Whereas Burtynsky’s photographs reveal human beings dwarfed by the massive industrialised landscapes that surround them, Baichwal records the sound and motion of workers subjected to the repetitive strain and monotony of assembling small components within huge manufacturing processes, unveiling the interconnectedness of tiny, medium-sized, large and global. Images of imported post-consumer waste only serve to remind the Western consumer that it is our lifestyle that has fuelled this Chinese “economic miracle”.
    “All the ages of man are at work today but we have become totally disconnected from them. There is something we are not seeing. It is sobering to contemplate the collective appetite for our lifestyles and what we are doing to our landscapes. Our dependence on nature to provide the materials for our consumption and our concern for the health of our planet sets us into an uneasy contradiction. For me, these images function as reflecting pools of our times.”

    MFC questions raised by Manufactured Landscapes

    – How do we discover (or fail to discover) the reality of environmental crisis and how do we find solutions? Given that our default source of information has traditionally been the mainstream media, does it matter that this too is owned by private interests, to whom environmental crisis is regarded an inconvenient and well-avoided subject of discussion?

    – Can we evolve industrialisation by steering it towards a sustainable model, which doesn’t tolerate the wasteful/inefficient allocation of resources that is currently at large – where we embrace the circular economic model and increasingly localise food & energy production systems?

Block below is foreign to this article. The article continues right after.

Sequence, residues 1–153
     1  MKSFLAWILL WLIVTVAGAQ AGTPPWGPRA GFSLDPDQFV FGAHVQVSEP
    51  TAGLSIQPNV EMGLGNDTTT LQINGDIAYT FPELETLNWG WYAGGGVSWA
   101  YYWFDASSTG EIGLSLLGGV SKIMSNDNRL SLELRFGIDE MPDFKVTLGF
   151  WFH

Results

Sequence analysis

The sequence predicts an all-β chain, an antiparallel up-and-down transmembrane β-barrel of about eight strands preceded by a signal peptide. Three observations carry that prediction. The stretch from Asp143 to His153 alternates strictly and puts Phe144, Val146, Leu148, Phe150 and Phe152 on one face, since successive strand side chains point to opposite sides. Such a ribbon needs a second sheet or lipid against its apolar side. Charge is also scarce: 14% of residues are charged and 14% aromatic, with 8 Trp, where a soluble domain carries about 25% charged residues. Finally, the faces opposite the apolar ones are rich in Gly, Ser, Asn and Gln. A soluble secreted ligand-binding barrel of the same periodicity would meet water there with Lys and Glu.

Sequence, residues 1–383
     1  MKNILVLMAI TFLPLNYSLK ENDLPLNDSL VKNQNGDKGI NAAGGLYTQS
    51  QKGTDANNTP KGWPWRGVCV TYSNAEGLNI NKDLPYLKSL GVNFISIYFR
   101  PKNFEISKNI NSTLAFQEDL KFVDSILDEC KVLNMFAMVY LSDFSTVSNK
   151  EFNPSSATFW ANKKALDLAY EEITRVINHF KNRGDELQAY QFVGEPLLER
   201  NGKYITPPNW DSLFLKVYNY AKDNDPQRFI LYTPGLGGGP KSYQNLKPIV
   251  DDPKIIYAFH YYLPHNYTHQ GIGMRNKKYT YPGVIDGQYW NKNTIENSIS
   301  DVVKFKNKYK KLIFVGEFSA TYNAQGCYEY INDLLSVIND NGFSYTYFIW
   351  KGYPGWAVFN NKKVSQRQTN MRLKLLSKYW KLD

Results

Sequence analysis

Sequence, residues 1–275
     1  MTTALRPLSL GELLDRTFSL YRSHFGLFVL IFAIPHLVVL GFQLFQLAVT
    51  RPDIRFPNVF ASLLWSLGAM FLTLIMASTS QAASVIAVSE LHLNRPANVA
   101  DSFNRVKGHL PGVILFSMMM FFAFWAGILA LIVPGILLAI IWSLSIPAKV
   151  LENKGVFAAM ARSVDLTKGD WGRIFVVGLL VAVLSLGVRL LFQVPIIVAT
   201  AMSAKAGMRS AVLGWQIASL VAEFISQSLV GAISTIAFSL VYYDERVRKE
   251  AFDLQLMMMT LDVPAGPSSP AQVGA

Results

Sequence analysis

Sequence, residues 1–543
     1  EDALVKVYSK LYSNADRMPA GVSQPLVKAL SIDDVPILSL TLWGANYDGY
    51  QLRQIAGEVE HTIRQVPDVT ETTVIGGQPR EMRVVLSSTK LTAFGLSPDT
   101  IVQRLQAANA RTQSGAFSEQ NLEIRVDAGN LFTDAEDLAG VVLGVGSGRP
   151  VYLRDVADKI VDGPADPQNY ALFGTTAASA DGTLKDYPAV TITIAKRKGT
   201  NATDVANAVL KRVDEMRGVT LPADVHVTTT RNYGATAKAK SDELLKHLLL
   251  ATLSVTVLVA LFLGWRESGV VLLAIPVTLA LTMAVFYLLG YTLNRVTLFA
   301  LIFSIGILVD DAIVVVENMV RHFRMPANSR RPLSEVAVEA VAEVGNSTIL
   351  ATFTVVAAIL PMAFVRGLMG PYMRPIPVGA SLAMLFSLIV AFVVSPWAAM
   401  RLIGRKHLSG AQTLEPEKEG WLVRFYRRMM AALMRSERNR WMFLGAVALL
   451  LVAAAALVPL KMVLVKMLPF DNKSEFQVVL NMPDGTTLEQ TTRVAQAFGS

– As global human civilisation becomes increasingly shaped by industrial “progress”, and as we inhabit increasingly artificial environments which estrange us from the natural world, are we at risk of blindly and irreversibly damaging and depleting the biosphere – the seas and soils, upon which we biologically depend for our basic human needs?

    – Are we experiencing a renaissance of celebrating natural systems which have evolved & adapted intelligently during millenia before the emergence of man – and can this steer us towards a balanced path of aligning human systems with natural systems?

    – Does the consumerist lifestyle, bolstered by the power of advertising, necessarily steer us towards a sense of disconnected individualism, rather than one of empowered collectivism?

    – Although westerners have come to value some of the conveniences and benefits of our post- industrial lifestyles, haven’t we also come to recognise the limitations that materialism/consumerism also imposes on us?

    – What forces might slow down or influence the direction of an ongoing Chinese Economic Miracle? Wider crisis due to Climate Change? Peak Oil in largely oil-dependent systems? Resource depletion? Worker unrest?